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Nephrolithiasis in Chronic Kidney Disease

  • Adam Zayac
  • Semaan Kobrosssi
  • Stephen KnohlEmail author
Chapter
Part of the Nutrition and Health book series (NH)

Abstract

Nephrolithiasis and chronic kidney disease (CKD) are two common entities that are increasing in prevalence and are associated with high costs. Each may serve as an independent risk factor for the other while also serving as dual manifestations of certain inherited conditions. Part one of this chapter highlights the relationship of nephrolithiasis and CKD, while the second part focuses on specific inherited conditions associated with both entities. Part three will briefly touch on management issues for those afflicted with both diseases.

A number of studies suggest that nephrolithiasis is associated with an increased risk of future kidney disease, but the level of evidence to support this is not strong nor has causality been established. CKD does not appear to be associated with an increased risk of developing kidney stones. Regarding management of nephrolithiasis in CKD, there is little data to guide therapy, so decisions need to be individualized according to the level of GFR and the potential side effects of medications.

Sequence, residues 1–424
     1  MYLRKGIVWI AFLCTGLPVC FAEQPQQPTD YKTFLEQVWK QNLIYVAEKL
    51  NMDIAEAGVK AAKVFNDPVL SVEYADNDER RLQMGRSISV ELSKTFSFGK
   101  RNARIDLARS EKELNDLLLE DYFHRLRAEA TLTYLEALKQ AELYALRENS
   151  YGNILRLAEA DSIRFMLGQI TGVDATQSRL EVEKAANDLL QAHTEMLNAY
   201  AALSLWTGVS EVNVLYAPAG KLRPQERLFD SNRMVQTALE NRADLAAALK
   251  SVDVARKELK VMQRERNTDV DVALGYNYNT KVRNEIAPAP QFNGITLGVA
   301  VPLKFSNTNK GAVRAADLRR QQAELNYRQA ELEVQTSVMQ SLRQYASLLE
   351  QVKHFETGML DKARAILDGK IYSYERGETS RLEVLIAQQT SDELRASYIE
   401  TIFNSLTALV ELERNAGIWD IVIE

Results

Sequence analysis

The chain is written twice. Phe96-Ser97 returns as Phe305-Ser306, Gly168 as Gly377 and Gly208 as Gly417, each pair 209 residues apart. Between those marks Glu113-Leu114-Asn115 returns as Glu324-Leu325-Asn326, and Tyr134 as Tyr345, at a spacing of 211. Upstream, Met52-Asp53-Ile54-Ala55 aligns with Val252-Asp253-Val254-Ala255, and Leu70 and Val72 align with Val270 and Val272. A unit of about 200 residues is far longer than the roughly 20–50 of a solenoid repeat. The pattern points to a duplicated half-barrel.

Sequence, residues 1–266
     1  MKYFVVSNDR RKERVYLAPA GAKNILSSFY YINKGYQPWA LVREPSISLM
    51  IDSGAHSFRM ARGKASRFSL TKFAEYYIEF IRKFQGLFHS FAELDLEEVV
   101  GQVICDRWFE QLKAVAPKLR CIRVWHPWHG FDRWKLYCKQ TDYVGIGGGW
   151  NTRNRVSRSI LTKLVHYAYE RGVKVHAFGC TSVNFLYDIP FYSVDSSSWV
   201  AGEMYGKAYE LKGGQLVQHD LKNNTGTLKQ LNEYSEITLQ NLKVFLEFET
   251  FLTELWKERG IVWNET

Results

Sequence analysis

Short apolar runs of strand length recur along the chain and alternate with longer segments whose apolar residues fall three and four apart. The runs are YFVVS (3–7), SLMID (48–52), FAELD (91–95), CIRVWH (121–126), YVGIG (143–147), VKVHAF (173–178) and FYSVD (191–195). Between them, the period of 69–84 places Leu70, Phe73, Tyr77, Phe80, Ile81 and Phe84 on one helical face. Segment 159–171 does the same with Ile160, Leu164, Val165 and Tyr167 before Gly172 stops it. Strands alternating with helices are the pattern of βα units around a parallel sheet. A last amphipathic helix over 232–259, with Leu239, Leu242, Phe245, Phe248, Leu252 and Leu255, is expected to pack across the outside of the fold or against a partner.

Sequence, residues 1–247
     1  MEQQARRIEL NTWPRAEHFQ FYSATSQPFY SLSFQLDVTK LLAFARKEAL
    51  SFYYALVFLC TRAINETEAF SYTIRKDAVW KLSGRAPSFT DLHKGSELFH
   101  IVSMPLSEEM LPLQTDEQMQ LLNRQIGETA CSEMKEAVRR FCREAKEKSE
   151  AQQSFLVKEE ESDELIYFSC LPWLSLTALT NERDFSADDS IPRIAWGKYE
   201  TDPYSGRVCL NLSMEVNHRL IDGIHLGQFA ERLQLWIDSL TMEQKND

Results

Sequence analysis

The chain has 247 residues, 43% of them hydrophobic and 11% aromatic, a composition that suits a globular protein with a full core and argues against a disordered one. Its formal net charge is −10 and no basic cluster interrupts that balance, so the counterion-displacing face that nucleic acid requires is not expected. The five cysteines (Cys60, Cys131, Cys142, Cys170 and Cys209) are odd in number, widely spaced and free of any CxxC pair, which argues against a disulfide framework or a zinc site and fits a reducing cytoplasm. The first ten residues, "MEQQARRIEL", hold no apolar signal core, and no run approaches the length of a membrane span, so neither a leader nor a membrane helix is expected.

While a relationship between CKD and nephrolithiasis has been suggested, more research, namely, in the form of large, prospective trials, are necessary to determine what, if any, impact each entity has on the other. However, given that there are some inherited conditions associated with both entities, it is prudent for health-care providers to ensure that young patients presenting with nephrolithiasis are screened for these disorders, as well as followed for future kidney disease.

Keywords

Nephrolithiasis Kidney stones Chronic kidney disease (CKD) End-stage renal disease (ESRD) Glomerular filtration rate (GFR) Inherited tubulopathies Dent disease Hypercalciuria Hyperoxalurias Cystinuria Inborn errors of purine metabolism Adenine phosphoribosyltransferase (APRT) deficiency Familial hypomagnesemia with hypercalciuria and nephrocalcinosis (FHHNC) Lithotripsy 

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© Springer Nature Switzerland AG 2019

Authors and Affiliations

  1. 1.SUNY Upstate Medical UniversitySyracuseUSA

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